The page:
There are a lot of good stories that should be talked about tonight. William Nylander stole everybody’s hearts yet again with a pair of goals. Richard Panik went full early 90’s Adam Oates and had four assists. TJ Brennan is near a point per game again.. Frank Corrado is starting to get back into game shape, and Garret Sparks saw his save percentage go from beer league to near the league’s best in a matter of hours. 
We shouldn’t be talking about Tyler Bertuzzi tonight, but yet, here were are. These are the type of moments that make people take the American Hockey League less seriously.
Let’s run through what’s wrong with everything going on here, in terms of the direct incident.
Everybody on the Griffins and Marlies starts to pair off in what looks like your typical pushing and shoving scrum. Bertuzzi is no stranger to playing with an edge, having always been a 1.5-2 penalty minute a game type of player with the Guelph Storm. He doesn’t get in quick enough to find a player of his own grit level, so he grabs one about a year younger than him, Kasperi Kapanen.
Advertisement
Ad
Grab, in this case, isn’t a metaphor. Kapanen has no interest in fighting and is basically in the scrum for solidarity. Bertuzzi literally pulls Kapanen into open ice. Kapanen takes two glove punches to the facial area before he pulls his second arm up in defence, to keep Bertuzzi from doing more. It doesn’t matter. Third punch. Fourth punch. Fifth.
Bertuzzi is going nowhere with it and knows it. Normally, this is when a player either gives up or tries to find a new opponent. Bertuzzi, however, pulls out his leg, slew foots Kapanen, and as the 19-year-old Finn is losing balance, throws him down. He then shakes his hair back and stands around, his “message” apparently sent.
I know what you’re thinking. If the Marlies didn’t want this to happen, why didn’t anybody defend Kapanen? But take a look at the background. Stuart Percy and Justin Holl both get paired off with Tomas Nosek and Xavier Ouellet, respectively. They don’t make a big deal out of things yet because things don’t look too bad at this point, and trying to break off is a great way to start a brawl.
Besides, Sam Carrick and Nikita Soshnikov have them covered. Both of them, Carrick in the background and Soshnikov behind the view of the camera, are very obviously furious and trying to get over to address Bertuzzi. Carrick is held back by a linesman, who is backed up by Robbie Russo. On the other side, the other linesman is holding back Soshnikov, while Anthony Mantha stands guard of that situation. Kapanen had teammates trying to help him; they just, well, couldn’t.
Advertisement
Ad
This leaves the lone remaining official to break up Bertuzzi and Kapanen. I know you’re reading this and saying “that’s only three officials, though”, and you’re correct in that statement. Despite the fact that the AHL is making more money than ever, and despite NHL teams using it for development more than ever, it’s rare to see an AHL game use four officials, despite that being the standard in the NHL, major junior, college hockey, most of Europe, any significant IIHF tournament, and even a lot of Junior A leagues.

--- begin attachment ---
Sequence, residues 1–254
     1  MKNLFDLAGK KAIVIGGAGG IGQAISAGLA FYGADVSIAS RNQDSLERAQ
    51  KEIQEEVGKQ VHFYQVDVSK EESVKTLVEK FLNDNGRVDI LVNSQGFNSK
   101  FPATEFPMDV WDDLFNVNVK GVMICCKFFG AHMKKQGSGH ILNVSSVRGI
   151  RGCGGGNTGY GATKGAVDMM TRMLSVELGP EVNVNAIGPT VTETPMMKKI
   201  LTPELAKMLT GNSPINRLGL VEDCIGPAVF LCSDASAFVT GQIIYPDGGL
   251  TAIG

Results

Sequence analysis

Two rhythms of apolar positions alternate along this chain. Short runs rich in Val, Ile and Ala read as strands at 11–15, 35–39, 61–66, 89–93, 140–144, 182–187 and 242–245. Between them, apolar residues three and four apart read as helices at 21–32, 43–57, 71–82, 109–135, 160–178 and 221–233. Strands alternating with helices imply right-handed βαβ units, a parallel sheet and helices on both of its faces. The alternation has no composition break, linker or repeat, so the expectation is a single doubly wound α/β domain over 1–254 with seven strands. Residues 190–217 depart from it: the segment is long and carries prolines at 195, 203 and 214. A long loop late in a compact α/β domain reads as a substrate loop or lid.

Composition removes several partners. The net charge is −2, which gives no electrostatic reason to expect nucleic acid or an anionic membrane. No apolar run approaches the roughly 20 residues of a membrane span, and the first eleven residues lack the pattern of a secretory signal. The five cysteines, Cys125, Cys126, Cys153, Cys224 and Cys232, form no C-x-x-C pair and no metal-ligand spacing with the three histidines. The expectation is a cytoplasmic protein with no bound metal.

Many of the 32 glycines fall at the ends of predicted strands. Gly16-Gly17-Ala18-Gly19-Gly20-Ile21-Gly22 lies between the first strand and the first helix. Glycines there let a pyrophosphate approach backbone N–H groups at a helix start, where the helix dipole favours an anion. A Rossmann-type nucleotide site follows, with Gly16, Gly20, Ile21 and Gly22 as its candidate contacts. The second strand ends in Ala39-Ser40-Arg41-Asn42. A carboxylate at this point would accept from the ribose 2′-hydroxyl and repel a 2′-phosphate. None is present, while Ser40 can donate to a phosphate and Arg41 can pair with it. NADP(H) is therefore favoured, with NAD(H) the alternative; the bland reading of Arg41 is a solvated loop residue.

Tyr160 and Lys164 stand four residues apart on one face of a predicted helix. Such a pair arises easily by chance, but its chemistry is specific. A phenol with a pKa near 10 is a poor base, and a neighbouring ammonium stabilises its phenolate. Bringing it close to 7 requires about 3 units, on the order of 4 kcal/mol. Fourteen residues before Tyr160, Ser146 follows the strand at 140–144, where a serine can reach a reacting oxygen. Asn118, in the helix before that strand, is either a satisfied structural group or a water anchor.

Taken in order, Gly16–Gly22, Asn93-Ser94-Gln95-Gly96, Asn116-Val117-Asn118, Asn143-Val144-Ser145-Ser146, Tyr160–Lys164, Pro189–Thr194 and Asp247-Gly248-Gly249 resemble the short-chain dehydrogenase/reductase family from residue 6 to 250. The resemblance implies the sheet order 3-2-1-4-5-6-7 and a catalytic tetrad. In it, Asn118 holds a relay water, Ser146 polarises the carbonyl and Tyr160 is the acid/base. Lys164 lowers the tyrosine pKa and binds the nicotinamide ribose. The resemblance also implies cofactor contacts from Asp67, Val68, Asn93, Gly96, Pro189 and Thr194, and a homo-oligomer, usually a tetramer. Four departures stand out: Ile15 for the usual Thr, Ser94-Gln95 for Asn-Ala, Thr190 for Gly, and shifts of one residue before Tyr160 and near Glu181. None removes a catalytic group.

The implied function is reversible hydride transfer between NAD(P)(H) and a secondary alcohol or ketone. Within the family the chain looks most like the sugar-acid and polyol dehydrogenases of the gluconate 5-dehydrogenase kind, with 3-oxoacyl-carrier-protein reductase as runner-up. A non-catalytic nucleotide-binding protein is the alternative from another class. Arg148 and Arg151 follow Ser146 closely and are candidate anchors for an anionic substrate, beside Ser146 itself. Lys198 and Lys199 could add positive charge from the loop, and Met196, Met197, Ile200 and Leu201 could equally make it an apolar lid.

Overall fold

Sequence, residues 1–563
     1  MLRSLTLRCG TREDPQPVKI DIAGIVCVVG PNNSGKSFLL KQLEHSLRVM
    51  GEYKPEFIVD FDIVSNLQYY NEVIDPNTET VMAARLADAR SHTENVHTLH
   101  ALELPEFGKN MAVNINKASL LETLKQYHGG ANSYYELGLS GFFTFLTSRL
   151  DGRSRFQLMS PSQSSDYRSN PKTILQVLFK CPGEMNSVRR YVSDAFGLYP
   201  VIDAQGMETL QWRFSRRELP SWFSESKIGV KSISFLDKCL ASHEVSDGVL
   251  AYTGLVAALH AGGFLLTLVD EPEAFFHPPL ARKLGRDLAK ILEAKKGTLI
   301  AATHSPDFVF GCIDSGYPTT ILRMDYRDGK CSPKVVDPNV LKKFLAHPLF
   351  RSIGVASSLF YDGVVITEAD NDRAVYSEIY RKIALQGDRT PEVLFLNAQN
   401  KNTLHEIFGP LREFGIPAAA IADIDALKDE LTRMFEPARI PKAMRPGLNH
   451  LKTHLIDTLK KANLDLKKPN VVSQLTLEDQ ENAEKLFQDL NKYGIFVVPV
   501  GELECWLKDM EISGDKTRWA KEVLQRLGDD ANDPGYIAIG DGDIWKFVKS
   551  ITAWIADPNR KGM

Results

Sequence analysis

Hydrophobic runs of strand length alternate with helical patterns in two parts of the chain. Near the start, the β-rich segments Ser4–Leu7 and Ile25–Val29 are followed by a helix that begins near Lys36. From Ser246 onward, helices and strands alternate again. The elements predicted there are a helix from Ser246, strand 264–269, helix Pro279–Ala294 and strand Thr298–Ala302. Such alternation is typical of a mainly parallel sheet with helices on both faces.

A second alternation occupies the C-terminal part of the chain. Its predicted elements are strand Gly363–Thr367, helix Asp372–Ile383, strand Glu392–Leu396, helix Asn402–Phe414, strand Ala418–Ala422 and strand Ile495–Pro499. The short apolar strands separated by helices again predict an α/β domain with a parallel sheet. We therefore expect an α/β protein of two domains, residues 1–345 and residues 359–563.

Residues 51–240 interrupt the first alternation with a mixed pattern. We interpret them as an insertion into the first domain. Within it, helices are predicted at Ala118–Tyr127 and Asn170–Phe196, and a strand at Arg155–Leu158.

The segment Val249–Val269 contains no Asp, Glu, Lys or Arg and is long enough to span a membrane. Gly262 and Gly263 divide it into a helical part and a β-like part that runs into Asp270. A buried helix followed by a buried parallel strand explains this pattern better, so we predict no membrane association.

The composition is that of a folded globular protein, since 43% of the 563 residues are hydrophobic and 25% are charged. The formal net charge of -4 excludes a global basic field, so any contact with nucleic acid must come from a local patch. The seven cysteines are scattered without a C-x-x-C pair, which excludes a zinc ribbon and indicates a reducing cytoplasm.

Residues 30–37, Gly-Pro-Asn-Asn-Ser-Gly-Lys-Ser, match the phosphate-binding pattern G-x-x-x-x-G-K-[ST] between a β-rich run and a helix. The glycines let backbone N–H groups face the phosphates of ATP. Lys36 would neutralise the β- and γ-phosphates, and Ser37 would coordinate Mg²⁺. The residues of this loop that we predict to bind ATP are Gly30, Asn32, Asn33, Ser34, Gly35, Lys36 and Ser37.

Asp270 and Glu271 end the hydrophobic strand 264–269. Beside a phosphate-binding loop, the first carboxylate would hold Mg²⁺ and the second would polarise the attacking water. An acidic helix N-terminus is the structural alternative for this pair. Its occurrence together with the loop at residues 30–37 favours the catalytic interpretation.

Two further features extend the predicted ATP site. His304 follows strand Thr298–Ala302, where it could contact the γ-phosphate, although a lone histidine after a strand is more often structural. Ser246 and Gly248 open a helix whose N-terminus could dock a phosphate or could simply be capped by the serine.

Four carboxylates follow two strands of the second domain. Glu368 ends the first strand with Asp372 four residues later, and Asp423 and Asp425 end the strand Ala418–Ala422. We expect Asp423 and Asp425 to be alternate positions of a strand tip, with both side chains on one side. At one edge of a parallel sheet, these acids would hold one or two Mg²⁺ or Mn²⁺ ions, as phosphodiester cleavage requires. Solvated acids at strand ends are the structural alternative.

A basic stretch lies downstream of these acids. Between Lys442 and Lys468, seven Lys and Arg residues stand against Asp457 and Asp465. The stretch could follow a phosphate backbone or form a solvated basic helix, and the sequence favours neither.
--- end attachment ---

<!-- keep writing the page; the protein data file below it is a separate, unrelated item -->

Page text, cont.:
The lone official spends his time doing a lot of pointing and yelling. I’m going to assume that he’s staying away from breaking up the situation because he feels it hasn’t escalated yet and because that leaves all three officials with tied hands while four Griffins skate around with two Marlies. This is a case where that fourth official would be useful.
Advertisement
Ad
Alternatively, not having players who want to fight being prevented from taking on the guy bullying their teammate could have worked too. But in the heat of the moment, I understand that’s a risky allowance.
Sheldon Keefe seemed none too pleased about the incident. “I’m sure it will be looked at” said Toronto’s head coach in regards the potential for a suspension. “I’m not sure how Kappy’s doing here; he was a little shook up on the play. I’m sure he’ll be alright, but there was no doubt an intent to injure here, and you never like to see that”.
Bertuzzi received a match penalty for the incident, but you would hope that this isn’t the end of the line. The short term hope would be a suspension if only to give the player a hint that actions like that aren’t accepted at the professional level. Long term, however, I’d hope that a situation like this pushes the league to consider adding a second referee; an extra set of hands likely defuses the situation before it escalates to the level that it did.
Advertisement
Ad
Toronto ultimately ended up with the last laugh, in any event. Twenty-three seconds after play resumed, the Marlies took advantage of the ensuing powerplay, and Brendan Leipsic ended his goalless drought while giving Rinat Valiev his first professional point.
Like I said, there were a lot of positive storylines in this game. Unfortunately, they lost the spotlight to silliness.